By Anita Nahal, Ph.D., CDP
Diversity Consultant, ESVB-AAUW
This article is an adaptation of the author’s original article on LinkedIn
In March 2005, I gave a lecture at Howard University as part of a series on Multiculturalism in the Classroom. My particular lecture was on, “A South Asian teaching African American/Indian (comparative) courses at an Historically Black College and University (HBCU),” wherein towards the end of the video you will see that I wore a shawl and bindi and spoke about what might be the effect of my visual appearance if I went to the class like that and spoke about African American Women’s History to a class of predominantly African American students, while dressed like an Indian (I could not change into a saree, however, attempted to replicate an ethnic look). Only the last minute or two of the video are relevant to what I am saying. Please click her for the video: http://www.cetla.howard.edu/new_showcase/lectures/speakers/nahal/index.html
I constantly face my own assumptions on where I stand in the American fabric. Recently, it struck me even more deeply while discussing with a friend about cultural expressions. We both erstwhile South Asians now Americans, talked about how we both don’t wear traditional clothes except on ethnic occasions such as festivals, weddings or funerals. The discussion took me to Dr. Marilynn B. Brewer’s Optimal Distinctiveness Theory and made me question as to where we stood in her various definitions? Were we part of “inclusion” wherein we were treated as insiders while allowed and encouraged to retain our uniqueness? Were we part of “differentiation” wherein we were not considered as insiders but allowed and encouraged to retain our uniqueness. Or were we part of “assimilation” wherein we were treated as insiders only when we confirmed to the cultural norms of the majority. Or finally as per Dr. Brewer’s matrix, were we part of “exclusion or dissatisfaction” wherein we were neither treated as insiders nor our uniqueness valued. (Please see Brewer’s chart below)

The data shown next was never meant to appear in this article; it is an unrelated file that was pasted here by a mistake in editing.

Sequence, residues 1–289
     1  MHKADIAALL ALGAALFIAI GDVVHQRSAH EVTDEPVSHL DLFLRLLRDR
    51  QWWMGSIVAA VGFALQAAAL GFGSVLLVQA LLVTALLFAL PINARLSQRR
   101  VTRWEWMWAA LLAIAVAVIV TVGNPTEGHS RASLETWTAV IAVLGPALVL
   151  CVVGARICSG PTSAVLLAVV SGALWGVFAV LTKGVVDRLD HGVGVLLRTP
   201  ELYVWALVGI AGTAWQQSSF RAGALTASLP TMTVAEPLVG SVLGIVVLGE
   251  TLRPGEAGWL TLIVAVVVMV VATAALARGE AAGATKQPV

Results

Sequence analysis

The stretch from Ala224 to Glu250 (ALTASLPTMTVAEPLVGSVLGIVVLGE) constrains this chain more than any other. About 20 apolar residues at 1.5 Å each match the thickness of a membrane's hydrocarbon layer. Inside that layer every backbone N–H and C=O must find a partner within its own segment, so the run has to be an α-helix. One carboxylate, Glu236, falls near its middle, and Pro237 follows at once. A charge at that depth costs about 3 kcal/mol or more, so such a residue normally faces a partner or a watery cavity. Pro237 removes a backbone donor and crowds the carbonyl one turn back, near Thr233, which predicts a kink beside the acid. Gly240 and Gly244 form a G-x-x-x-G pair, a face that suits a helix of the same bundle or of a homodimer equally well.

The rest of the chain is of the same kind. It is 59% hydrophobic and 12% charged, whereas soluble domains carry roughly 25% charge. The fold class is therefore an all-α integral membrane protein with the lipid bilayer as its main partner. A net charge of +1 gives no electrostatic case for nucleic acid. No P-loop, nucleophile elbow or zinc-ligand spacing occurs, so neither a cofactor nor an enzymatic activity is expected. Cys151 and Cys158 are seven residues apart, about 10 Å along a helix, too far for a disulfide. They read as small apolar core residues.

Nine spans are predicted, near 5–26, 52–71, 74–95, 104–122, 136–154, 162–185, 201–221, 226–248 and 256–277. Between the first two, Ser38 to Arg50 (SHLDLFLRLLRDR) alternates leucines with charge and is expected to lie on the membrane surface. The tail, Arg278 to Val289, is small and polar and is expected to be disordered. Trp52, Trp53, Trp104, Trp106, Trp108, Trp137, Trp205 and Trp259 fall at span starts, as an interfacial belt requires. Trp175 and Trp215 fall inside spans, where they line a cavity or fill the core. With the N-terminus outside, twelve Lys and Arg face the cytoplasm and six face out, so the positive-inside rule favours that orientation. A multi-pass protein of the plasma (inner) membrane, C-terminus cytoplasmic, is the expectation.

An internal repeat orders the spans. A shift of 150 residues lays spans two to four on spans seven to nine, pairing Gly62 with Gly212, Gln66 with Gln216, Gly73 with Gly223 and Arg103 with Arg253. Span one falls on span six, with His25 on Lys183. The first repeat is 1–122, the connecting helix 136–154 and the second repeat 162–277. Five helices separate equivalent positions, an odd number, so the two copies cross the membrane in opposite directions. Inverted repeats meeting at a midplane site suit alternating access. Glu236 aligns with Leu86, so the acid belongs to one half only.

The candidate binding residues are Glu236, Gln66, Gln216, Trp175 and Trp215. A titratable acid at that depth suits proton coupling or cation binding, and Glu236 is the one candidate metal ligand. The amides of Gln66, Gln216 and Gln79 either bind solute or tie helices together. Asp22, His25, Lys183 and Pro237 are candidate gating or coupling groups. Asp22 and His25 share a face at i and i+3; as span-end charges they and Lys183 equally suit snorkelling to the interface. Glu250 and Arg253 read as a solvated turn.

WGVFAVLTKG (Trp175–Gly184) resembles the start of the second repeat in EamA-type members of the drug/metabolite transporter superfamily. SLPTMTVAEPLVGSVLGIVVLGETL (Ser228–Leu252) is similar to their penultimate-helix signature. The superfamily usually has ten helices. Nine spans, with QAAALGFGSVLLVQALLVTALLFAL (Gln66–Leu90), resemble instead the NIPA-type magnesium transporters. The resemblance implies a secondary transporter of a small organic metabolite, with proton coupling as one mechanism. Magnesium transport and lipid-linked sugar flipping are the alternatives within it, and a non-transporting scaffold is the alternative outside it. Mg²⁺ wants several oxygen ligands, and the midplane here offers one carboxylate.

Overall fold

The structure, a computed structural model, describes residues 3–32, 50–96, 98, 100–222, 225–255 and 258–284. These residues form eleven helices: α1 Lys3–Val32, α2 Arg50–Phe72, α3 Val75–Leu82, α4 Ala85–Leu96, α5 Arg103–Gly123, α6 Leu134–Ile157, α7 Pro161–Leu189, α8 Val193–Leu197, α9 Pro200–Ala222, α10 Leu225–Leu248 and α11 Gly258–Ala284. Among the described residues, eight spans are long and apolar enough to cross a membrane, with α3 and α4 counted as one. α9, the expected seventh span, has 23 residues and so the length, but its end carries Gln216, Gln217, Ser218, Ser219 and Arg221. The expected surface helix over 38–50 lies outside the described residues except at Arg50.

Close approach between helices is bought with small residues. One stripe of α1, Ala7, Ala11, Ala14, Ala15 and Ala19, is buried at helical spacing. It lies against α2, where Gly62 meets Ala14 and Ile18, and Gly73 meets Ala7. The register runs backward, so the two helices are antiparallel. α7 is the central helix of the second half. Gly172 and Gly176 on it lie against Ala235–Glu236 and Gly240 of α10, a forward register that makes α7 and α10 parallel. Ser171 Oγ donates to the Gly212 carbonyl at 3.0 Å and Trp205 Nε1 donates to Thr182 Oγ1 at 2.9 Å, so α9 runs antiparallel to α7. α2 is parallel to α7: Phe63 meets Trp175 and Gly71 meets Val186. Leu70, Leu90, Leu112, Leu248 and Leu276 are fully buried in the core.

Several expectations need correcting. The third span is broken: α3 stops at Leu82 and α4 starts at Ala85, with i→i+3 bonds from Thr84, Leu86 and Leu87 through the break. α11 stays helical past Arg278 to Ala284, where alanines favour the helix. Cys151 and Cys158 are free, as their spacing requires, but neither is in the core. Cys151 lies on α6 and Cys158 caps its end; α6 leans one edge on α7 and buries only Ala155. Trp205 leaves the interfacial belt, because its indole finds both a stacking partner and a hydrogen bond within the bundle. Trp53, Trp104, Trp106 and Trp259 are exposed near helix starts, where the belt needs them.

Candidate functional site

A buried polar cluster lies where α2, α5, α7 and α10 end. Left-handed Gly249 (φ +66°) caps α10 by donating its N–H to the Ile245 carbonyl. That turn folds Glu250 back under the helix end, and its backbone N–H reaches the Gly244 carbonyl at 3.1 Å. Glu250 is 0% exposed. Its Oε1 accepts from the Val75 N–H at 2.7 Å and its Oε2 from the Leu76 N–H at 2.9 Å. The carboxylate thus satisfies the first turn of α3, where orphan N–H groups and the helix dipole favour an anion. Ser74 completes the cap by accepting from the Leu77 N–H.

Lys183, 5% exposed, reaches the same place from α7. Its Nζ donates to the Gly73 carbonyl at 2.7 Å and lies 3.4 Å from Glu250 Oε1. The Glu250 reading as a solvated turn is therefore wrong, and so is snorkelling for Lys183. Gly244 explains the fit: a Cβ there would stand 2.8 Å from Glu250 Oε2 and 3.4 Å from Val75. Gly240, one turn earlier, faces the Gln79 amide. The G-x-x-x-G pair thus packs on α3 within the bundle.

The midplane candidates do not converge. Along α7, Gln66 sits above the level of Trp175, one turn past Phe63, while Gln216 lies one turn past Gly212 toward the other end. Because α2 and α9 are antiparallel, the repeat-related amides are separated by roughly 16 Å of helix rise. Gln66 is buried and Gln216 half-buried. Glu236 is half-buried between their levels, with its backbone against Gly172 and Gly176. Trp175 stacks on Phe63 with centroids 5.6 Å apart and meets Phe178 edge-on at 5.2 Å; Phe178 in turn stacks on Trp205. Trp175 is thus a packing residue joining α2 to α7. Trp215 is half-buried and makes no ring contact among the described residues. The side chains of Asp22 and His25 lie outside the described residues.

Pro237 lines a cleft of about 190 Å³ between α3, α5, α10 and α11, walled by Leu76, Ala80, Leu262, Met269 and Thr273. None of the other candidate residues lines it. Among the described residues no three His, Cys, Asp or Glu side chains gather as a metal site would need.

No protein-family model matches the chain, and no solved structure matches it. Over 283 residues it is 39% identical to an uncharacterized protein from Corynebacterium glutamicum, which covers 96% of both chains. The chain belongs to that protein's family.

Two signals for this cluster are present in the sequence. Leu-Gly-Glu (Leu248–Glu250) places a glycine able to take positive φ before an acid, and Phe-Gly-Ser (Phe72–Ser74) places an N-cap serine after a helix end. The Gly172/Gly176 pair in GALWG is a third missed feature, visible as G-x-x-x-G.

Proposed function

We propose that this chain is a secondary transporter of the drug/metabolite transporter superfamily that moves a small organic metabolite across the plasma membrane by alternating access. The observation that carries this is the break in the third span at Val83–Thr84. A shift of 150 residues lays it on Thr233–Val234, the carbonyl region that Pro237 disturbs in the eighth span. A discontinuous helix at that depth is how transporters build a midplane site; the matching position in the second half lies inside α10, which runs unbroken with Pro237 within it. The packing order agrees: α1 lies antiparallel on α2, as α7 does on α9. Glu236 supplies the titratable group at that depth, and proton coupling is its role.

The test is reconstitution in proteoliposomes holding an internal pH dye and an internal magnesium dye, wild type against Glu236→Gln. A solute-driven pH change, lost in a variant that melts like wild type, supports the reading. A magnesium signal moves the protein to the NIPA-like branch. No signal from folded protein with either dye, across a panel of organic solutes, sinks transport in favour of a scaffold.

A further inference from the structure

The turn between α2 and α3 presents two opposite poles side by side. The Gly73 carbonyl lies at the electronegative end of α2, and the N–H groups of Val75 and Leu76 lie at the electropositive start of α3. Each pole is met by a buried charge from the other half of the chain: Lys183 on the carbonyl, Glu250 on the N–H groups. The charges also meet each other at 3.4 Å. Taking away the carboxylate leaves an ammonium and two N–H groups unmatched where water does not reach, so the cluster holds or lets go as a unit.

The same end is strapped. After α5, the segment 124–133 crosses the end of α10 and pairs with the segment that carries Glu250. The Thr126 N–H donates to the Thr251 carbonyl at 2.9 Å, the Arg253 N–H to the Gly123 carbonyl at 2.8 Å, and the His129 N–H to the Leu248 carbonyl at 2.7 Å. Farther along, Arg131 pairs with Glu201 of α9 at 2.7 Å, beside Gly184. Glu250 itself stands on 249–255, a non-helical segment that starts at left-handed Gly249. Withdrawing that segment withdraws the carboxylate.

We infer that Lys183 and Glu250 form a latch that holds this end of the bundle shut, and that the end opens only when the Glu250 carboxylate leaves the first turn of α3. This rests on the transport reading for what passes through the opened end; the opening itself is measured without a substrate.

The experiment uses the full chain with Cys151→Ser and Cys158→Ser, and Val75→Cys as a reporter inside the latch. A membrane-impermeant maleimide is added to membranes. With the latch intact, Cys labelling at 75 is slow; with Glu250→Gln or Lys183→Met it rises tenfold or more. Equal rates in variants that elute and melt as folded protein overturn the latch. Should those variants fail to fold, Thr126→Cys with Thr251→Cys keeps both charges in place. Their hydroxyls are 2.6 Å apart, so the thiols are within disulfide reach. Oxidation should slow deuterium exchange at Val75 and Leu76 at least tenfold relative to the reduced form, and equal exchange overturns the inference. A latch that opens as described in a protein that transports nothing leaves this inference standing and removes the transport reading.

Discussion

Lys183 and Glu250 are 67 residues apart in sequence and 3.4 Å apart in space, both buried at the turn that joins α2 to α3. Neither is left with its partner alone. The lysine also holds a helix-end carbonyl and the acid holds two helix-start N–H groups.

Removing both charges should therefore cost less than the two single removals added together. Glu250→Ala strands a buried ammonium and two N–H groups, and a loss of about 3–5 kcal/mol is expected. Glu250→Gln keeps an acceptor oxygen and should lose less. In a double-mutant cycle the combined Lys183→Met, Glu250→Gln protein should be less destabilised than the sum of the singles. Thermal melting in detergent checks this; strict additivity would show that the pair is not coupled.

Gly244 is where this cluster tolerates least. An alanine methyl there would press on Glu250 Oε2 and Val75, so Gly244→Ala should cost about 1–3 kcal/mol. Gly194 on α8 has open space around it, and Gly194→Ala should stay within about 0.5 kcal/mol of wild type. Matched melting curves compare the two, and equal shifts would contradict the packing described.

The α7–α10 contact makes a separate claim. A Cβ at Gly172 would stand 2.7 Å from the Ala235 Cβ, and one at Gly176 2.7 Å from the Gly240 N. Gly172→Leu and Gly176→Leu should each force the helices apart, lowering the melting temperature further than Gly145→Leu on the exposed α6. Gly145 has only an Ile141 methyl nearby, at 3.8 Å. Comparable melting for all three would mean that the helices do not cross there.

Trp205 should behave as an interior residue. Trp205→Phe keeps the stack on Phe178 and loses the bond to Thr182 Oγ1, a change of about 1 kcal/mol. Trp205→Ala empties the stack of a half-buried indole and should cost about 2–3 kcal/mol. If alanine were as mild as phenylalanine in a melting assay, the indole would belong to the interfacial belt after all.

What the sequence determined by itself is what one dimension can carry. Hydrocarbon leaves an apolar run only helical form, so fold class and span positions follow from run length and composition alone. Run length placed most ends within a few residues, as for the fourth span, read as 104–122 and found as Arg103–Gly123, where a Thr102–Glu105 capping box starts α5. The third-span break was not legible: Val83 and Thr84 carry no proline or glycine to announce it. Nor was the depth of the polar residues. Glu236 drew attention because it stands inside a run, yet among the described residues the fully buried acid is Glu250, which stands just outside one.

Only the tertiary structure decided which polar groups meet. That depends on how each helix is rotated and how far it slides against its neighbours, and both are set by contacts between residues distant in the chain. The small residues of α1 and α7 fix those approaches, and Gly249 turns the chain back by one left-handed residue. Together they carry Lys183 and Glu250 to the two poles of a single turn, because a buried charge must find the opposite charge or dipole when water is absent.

Upon pondering, one considers that certain critically labeling words are attached to the above four markers in the matrix such as, “treated” “allowed” “encouraged to retain” and “majority.” Why do immigrant groups have to be treated as such or such, or allowed and not allowed, or encouraged to retain? Why would immigrants not decide for themselves how much they wished to retain and how they wished to portray themselves, or how much they were willing to allow others to make them feel belonged or not? Of course, these are rhetorical questions as a number of research studies have been conducted on the notions of belonging and/or alterity for immigrants. In one study, I found some of the below questions very pertinent to the questioning of my own continuous assumptions about myself:
“… (1) During life, when does belonging to a nation, ethnic group or a culture become important for an individual? (2) How does self-definition impact how one deals with specific experiences, such as being a refugee? (3) What are the impacts of the process of migration on one’s sense of belonging? (4) How do immigrants re-construct their sense of belonging in their host societies? (5) How is the sense of belonging to a collective expressed in different generations in families of immigrants? (6) What is the impact of being a citizen of a country versus being a temporary resident on one’s sense of collective belonging? And (7) How do intergenerational conflicts manifest themselves in terms of identity ownership? (For further on this work, please see, Ethnicity and Belonging: An Overview of a Study of Cuban, Haitian and Guatemalan Immigrants to Florida by Julia Chaitin, J.P. Linstroth & Patrick T. Hiller in, http://www.qualitative-research.net/index.php/fqs/article/view/1363/2856 )”